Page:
The mayor was sitting at his desk crunching numbers. They were not crunching easily. They escaped his columns, they dripped down the sides of his yellow legal pad, they added up but not the way he wished. The budget bulged in certain places, seemed shrunken in others. If only he had a counterfeiting machine in the basement of city hall. If only money were on the grief standard--x number of dollars equaled x number of woes. He drank his third cup of coffee. The police chief was waiting in the outer office. The lights on the phone blinked one after another. There was a banging on his door. In came Maddie Miller, a velvet skirt, a black angora sweater, wobbling on high heels that made her left ankle turn in toward the right one with each step forward. Maddie Miller, Miller the Killer, his legal staff called her. She was the city hall reporter for the Daily World, the biggest paper, the most serious paper in town. She leaned over his desk, and he closed his eyes so that he wouldn't look where he shouldn't. "Mr. Mayor," she said. "I need your help." What now? he thought. Alarm stiffened his arms, and he pressed them against his sides. "Don't worry. I'm not going to touch you," said Maddie. Mel blushed. There was no need to be afraid of Maddie. At least not physically. "There's a little something I overheard in the elevator that I need checked. I need you to confirm or deny." Maddie looked him in the eye. He blinked. She was not, as everyone knew, a particular woman. She had been seen with men of letters, men on boards of Fortune 500 companies. She closed bars. She attended every charity ball. She chased movie stars and made them lovers until she tired of them. It was not easy for Mel to believe, but several people had told him she wanted him, body and soul. A mayor is surrounded by flatterers, by intrigue, by nitwits, no matter how hard he tries to avoid them. Maddie confused power with sex. What worried Mel was that while he too enjoyed power, relished it, dreaded its absence, sex he preferred with Ruth. Except there was something about Maddie--a burning flame lit her face, an awkward and speedy fling of her arms as she spoke, an invitation just behind every sentence. "I heard," she said, "that we may have a terrorist alert. Is it true? What are you doing about it?"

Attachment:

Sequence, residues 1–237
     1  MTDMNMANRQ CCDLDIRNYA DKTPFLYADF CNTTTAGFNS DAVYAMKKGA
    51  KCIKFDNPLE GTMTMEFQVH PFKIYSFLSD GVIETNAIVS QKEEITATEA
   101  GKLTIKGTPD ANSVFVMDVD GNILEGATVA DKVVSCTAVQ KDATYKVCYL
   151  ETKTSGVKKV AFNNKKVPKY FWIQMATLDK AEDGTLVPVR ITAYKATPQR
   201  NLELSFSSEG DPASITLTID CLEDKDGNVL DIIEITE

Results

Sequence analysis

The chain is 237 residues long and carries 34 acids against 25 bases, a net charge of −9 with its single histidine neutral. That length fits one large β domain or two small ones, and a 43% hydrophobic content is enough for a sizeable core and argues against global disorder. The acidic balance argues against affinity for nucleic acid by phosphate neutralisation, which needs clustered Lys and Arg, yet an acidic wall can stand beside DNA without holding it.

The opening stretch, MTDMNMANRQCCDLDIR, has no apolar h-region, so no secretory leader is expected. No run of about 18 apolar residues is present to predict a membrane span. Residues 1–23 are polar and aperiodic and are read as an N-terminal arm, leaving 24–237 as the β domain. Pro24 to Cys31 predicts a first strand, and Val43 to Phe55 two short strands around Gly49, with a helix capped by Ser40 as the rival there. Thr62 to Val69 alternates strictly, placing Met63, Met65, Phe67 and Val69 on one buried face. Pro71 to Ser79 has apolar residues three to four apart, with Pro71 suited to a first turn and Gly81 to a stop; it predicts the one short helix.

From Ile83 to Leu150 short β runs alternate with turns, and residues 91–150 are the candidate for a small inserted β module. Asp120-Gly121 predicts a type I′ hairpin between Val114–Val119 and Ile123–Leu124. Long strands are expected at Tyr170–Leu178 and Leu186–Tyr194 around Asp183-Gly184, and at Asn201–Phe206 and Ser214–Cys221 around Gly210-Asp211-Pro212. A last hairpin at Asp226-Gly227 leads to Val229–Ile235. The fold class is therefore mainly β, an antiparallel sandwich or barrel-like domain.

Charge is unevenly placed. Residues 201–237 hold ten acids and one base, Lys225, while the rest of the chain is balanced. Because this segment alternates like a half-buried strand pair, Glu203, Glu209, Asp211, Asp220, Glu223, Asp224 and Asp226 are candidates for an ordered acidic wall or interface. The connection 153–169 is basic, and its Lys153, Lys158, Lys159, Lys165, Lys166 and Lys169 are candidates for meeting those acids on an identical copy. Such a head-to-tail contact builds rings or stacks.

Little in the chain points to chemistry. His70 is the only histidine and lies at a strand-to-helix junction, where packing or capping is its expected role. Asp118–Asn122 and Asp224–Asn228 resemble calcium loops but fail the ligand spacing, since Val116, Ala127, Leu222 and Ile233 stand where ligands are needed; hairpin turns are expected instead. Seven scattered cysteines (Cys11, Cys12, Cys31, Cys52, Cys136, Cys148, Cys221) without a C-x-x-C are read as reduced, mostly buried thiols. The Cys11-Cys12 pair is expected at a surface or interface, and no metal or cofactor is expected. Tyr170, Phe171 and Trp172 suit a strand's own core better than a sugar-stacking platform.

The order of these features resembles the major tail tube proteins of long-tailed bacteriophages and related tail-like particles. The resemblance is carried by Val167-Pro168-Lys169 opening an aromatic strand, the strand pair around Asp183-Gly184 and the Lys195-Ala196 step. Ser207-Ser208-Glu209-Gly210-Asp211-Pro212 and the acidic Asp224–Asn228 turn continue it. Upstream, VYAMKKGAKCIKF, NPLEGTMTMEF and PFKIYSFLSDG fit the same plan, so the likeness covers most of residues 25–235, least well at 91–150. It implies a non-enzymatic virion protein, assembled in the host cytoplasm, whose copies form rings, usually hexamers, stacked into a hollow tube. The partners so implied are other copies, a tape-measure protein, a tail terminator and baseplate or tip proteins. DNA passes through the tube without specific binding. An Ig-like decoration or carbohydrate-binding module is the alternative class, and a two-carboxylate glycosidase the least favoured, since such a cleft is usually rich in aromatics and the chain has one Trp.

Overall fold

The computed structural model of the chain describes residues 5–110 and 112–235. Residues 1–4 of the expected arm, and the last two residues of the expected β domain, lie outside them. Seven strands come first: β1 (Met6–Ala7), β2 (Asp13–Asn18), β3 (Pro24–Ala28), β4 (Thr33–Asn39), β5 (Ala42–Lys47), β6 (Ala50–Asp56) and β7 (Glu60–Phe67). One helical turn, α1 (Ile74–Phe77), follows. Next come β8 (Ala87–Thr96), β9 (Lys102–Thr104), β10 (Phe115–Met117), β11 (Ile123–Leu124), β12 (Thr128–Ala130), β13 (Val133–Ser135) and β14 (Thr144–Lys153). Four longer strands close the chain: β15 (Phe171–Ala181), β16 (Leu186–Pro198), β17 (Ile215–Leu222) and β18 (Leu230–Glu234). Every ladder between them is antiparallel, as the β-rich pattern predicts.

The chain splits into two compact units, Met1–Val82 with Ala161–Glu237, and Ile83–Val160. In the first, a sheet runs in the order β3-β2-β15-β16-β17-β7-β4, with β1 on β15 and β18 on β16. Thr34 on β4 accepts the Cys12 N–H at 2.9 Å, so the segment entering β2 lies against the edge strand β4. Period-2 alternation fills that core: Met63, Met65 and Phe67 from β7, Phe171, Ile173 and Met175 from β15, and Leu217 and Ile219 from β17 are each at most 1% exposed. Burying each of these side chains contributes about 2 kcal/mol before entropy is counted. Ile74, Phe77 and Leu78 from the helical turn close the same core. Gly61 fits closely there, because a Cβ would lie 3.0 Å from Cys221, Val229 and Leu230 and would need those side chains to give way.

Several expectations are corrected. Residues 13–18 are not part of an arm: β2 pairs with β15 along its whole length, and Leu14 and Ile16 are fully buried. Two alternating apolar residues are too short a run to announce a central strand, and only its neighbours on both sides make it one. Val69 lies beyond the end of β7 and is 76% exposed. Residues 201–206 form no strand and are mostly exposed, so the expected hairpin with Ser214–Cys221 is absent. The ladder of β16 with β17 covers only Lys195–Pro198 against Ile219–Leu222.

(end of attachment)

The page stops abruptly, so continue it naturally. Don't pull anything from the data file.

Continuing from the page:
From the Trade Paperback edition.
Library of Congress subject headings for this publication:
Mayors -- Fiction.
New York (N.Y.) -- Fiction.
Terrorism -- Prevention -- Fiction.
Hostages -- Fiction.